Many colleges and universities are instituting programs to address the particular learning needs of students who are poor and first in their family to attend college. Brown hosted the first Inter-Ivy First Generation Student Network Conference in 2012, drawing students from across the country. Harvard, Duke, Georgetown, Brown and Yale are involved in a multi-year study in which they interview first generation students from low income families (usually an income under $40,00 year) to ascertain their needs. These programs for first generation college students seek to give students  both a sense of belonging and strategies for learning.

What can we in Connecticut learn from higher education? How can we close the real achievement gap? How can we close the gap between our children who become well-educated and accomplished human beings and our children who become dropouts from the world of education and accomplishment?

Here is a plan:

First: End high stakes standardized tests. With standardized tests, test prep becomes the curriculum, and all students – black, brown, white, poor, and affluent –  are deprived of real learning. Standardized tests deprive the poor, the black, and the brown of a fair chance. Standardized tests hurt all children.

Second: Ask educators to design performance assessments which demonstrate what students can do, how they can think, how they learn, and what they can create in each discipline.

Third: Require each school district to create a curriculum which teaches students strategies for learning in a developmental progression from K-12.

Fourth: Hold all of us – teachers, school administrators, school boards, teachers unions, the Connecticut State Department of Education, the Connecticut State Board of Education, legislators, the governor – to the same standard. That standard is: What are you doing to bring all he students for whom you are responsible into the community of achievers?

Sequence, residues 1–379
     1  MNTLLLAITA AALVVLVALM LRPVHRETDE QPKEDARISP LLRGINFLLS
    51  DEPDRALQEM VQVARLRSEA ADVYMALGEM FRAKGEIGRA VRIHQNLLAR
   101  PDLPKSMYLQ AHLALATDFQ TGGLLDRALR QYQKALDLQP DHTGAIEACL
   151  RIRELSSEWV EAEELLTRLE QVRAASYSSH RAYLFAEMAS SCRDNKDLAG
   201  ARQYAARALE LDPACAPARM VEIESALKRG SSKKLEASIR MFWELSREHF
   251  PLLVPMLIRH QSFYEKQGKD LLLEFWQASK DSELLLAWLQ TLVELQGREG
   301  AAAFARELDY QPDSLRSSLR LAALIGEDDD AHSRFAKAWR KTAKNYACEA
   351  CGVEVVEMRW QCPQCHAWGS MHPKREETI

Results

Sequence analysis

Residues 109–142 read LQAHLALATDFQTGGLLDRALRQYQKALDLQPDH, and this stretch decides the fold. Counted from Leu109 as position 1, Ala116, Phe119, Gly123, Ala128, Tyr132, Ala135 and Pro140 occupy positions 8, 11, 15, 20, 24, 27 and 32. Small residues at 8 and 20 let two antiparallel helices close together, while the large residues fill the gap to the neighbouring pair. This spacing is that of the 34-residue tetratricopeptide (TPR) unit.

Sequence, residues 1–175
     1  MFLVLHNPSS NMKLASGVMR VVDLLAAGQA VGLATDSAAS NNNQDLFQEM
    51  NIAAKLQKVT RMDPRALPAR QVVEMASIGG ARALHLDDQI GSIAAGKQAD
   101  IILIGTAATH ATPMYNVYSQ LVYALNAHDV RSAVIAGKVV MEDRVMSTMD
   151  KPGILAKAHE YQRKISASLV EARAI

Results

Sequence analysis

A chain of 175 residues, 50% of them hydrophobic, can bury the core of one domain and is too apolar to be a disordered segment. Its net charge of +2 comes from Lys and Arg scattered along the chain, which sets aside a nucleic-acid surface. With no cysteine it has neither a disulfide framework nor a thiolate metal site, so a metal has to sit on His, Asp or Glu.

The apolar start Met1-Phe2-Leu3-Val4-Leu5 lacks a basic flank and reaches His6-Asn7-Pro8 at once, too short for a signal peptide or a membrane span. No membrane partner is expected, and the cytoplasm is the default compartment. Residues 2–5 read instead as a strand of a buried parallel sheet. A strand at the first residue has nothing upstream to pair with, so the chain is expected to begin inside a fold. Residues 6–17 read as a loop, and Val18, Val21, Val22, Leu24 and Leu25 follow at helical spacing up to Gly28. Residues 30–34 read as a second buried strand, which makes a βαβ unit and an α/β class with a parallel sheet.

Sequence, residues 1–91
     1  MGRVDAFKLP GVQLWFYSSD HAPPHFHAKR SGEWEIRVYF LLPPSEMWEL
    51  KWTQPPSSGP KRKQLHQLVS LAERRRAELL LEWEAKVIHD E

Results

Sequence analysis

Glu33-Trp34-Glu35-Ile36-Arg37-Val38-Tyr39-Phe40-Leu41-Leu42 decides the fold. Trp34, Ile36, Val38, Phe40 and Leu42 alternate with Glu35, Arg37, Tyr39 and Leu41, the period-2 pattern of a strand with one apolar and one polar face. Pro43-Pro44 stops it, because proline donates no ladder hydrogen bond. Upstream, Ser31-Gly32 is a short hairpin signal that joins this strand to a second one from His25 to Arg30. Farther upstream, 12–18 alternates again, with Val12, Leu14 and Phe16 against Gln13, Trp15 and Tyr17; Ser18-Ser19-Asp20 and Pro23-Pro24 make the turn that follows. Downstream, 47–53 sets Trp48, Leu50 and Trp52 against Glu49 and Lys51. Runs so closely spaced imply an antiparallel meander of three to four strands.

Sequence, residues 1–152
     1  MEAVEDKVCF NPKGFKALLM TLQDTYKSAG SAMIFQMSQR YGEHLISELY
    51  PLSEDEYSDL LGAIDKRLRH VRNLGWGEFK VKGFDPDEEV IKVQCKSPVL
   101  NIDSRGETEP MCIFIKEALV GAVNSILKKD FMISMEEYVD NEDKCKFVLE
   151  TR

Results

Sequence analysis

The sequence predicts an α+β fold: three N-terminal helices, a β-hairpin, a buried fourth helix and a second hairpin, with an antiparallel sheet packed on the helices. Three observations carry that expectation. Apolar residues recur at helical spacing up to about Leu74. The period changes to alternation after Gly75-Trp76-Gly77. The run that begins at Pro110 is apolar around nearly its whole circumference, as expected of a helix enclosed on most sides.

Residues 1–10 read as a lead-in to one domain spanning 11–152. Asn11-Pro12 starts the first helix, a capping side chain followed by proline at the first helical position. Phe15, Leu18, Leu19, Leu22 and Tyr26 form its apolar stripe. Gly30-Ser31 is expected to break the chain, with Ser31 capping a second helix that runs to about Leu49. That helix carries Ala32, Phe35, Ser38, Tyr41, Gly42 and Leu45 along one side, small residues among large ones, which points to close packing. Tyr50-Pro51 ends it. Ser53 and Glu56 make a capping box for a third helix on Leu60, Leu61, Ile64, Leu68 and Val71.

Then, and only then, will Connecticut close its achievement gap.

Foul shots in the classroom: A Fable (By Ann Policelli Cronin)

As we celebrate UCONN’S [Remember it is not UConn] double national championships, it seems particularly appropriate to look back on a great commentary piece written by fellow columnist and pro-education advocate, Ann Policelli Cronin.  Here piece entitle, “Foul shots in the Classroom:  A Fable” first appeared in the CT Mirror.

Ann Policelli Cronin writes,

Imagine…

The NCAA Basketball Championship is based solely on free-throw shooting. Team practices are spent doing repetitive exercises of shooting from the foul line. All college players take the same free-throw shooting test. Their scores determine the excellence of the team, expertise of the coach and quality of the school. The team with the highest score becomes the national champion.

As a result of this new competition, the game of basketball is lost. The game, in which quick thinking, collaborative efforts and a whole array of athletic abilities are integral to the success of a team, is not played. The players begin to forget what it was to play 40 minutes of basketball. The coaches stop thinking about ways to develop talents of individual players and stop strategizing about how to make the team as a whole more successful. The fans forget about that long-ago game of basketball and enthusiastically cheer for their favorite foul shooters and compare them to foul shooters on other teams and in other countries.

Critics say that free-throw shooting is a simple skill and won’t prepare the college players for the basketball played in the NBA or WNBA. They also say that free-throw testing was chosen to replace playing games because the NCAA commissioned people in the test-making business to make that decision.